Thanks,
Jackson

(Edited for spelling)


[Edited on 12/13/2018 by Jackson]
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Jackson
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[*] posted on 13-12-2018 at 14:08


I have found that at room tempature (25 C) zippeite has a solubility of 0.486295315308 grams per liter. It looks like it would be better to dissolve in acid than water.
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DoctorOfPhilosophy
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[*] posted on 13-12-2018 at 14:13


Holy cow that's a lot of significant digits.... They are all significant right?

On the topic of significant digits: "According to Jörg Arndt and Christoph Haenel, thirty-nine digits are sufficient to perform most cosmological calculations, because that is the accuracy necessary to calculate the circumference of the observable universe with a precision of one atom."

[Edited on 13-12-2018 by DoctorOfPhilosophy]
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Jackson
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[*] posted on 13-12-2018 at 16:31


Here’s the picture of the ore sample

ED1501E9-E613-4695-93D1-2A69CA31C64A.jpeg - 186kB
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[*] posted on 13-12-2018 at 17:36


Quote: Originally posted by DoctorOfPhilosophy  
Holy cow that's a lot of significant digits.... They are all significant right?

On the topic of significant digits: "According to Jörg Arndt and Christoph Haenel, thirty-nine digits are sufficient to perform most cosmological calculations, because that is the accuracy necessary to calculate the circumference of the observable universe with a precision of one atom."

[Edited on 13-12-2018 by DoctorOfPhilosophy]



My thoughts exactly about significant figures! When I was in college, I can't recall if I ever dealt with more than 4 SF's in lab (classwork is different). And now I try my best to get 3 and am ecstatic to get 4!:)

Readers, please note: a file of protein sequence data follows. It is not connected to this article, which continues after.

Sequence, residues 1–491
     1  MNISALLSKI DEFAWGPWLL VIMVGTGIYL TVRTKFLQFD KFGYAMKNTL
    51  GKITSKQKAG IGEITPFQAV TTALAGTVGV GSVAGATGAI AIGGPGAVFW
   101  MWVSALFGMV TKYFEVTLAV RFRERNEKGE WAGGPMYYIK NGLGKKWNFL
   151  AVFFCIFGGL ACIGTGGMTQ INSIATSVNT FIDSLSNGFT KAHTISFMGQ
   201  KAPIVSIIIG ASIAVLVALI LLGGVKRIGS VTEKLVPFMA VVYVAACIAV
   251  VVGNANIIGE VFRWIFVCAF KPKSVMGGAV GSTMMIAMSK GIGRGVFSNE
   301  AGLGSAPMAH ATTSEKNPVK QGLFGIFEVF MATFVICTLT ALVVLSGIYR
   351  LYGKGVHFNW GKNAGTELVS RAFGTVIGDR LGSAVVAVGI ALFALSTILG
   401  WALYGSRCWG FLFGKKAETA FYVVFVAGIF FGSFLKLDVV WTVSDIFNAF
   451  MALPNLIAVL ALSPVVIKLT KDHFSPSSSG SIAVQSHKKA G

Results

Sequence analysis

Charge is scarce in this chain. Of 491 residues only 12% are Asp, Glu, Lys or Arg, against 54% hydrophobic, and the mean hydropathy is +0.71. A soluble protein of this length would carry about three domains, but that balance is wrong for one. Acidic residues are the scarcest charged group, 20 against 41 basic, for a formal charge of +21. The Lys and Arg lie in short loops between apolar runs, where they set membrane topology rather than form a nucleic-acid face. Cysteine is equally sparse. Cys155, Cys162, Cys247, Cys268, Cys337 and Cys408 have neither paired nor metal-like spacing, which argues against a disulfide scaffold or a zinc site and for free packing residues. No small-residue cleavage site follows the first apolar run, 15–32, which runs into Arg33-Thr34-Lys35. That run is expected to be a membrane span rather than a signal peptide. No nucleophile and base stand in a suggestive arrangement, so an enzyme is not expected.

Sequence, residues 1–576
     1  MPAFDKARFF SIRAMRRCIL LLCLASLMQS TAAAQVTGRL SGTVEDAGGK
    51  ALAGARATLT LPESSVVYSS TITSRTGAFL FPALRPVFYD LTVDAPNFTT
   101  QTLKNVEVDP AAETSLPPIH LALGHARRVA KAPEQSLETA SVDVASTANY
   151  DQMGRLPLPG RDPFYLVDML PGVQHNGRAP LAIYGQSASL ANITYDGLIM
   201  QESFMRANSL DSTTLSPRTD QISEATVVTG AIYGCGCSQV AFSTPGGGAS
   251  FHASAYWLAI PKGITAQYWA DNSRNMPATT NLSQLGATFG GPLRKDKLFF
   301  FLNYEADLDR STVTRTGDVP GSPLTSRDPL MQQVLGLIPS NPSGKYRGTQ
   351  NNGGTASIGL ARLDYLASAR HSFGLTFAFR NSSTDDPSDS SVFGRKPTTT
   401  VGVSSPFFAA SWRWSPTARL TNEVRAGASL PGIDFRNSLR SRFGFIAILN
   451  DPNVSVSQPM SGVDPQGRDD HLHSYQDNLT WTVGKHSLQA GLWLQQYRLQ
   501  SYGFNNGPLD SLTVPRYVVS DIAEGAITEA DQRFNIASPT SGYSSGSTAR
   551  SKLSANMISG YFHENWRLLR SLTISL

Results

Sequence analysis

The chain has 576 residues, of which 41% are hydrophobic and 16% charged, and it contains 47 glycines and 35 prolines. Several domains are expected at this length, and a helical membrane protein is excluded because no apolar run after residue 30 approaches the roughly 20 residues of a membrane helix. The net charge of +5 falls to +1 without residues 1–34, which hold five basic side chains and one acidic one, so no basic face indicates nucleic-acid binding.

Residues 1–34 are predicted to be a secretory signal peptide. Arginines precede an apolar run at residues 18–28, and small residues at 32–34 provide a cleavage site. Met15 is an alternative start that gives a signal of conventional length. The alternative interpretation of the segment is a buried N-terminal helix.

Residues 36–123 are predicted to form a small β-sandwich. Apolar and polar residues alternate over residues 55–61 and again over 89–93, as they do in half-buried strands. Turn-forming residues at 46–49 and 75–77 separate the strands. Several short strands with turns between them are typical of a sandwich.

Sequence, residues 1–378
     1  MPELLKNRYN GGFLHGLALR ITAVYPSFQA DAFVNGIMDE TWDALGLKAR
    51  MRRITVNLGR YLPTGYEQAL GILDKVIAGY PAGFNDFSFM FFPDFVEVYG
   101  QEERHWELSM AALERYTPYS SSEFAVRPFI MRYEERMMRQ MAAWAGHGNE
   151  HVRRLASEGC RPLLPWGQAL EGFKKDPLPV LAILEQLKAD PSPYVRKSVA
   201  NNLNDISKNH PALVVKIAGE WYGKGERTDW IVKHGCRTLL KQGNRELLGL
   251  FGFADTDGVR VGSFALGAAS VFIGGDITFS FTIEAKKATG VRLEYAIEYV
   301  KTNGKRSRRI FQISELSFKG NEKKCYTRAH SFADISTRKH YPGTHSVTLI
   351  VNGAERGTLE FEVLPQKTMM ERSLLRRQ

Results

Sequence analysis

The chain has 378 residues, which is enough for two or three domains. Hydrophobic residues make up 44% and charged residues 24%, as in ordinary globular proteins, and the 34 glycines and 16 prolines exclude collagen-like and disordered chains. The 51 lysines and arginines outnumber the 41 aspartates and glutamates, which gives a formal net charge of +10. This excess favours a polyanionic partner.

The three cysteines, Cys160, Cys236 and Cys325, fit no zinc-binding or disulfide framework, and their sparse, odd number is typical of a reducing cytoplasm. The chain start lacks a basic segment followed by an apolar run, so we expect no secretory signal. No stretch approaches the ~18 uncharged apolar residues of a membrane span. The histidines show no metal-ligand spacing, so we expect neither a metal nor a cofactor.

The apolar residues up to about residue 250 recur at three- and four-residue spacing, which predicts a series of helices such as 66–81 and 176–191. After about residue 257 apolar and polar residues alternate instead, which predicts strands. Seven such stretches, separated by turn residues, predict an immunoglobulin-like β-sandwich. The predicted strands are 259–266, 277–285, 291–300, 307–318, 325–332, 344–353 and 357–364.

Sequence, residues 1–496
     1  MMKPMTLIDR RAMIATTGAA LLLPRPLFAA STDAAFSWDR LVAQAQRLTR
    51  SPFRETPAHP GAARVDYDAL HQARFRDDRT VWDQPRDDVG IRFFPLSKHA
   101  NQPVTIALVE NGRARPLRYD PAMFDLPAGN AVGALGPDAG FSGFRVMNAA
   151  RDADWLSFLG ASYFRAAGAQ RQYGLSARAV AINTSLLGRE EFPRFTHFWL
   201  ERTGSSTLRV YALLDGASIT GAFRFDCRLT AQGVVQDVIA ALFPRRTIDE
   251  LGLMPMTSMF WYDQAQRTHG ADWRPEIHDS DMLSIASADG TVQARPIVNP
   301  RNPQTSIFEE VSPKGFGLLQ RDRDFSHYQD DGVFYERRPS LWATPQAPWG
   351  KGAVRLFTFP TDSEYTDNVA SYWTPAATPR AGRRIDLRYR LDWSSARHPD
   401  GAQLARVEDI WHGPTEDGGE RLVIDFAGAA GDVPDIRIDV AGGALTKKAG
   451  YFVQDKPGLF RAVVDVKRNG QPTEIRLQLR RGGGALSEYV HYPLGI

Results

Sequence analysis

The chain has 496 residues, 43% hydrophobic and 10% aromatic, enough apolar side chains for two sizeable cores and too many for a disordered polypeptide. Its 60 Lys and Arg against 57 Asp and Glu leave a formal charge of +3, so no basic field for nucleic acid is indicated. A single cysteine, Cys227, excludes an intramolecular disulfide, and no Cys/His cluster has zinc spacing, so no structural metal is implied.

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[*] posted on 13-12-2018 at 22:13


After some testing, I think it is a zippeite species of ore. How could I go about extracting this into a soluble compound. I don’t currently have access to HCl because it is out of stock near me but could I use a mixture of sodium bisulfate and table salt to generate it and dissolve the ore with that?
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[*] posted on 14-12-2018 at 04:40


Why is U associated with V in ores/minerals? What relationship do they have?



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12thealchemist
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[*] posted on 14-12-2018 at 05:45


Uranates and vanadates both have the capability of forming complex anionic structures; the main group equivalent are the aluminosilicates. Uranium was once grouped with chromium, molybdenum, and tungsten prior to the invention(!) of the actinide series. I don't know if vanadium and chromium associate in minerals, however.



Just my two pennyworth
My YouTube channel: www.youtube.com/channel/UC4t9tVlAk7ww1wgCVW4yUjg
Elements collected so far: 65; to collect: Ln, Rb, Sr, Ba, F, Kr, radioactives